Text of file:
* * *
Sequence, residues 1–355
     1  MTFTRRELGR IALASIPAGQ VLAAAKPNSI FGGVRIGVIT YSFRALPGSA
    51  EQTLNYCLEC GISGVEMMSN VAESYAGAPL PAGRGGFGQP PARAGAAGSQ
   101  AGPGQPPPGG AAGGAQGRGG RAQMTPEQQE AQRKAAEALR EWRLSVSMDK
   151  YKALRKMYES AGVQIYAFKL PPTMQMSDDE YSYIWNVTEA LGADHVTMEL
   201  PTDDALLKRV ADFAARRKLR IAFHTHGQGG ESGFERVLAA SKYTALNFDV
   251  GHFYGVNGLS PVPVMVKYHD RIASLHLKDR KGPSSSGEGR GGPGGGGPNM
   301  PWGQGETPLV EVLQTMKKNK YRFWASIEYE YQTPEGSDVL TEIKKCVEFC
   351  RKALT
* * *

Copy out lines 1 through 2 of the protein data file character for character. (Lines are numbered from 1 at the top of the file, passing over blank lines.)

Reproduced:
Sequence, residues 1–355
     1  MTFTRRELGR IALASIPAGQ VLAAAKPNSI FGGVRIGVIT YSFRALPGSA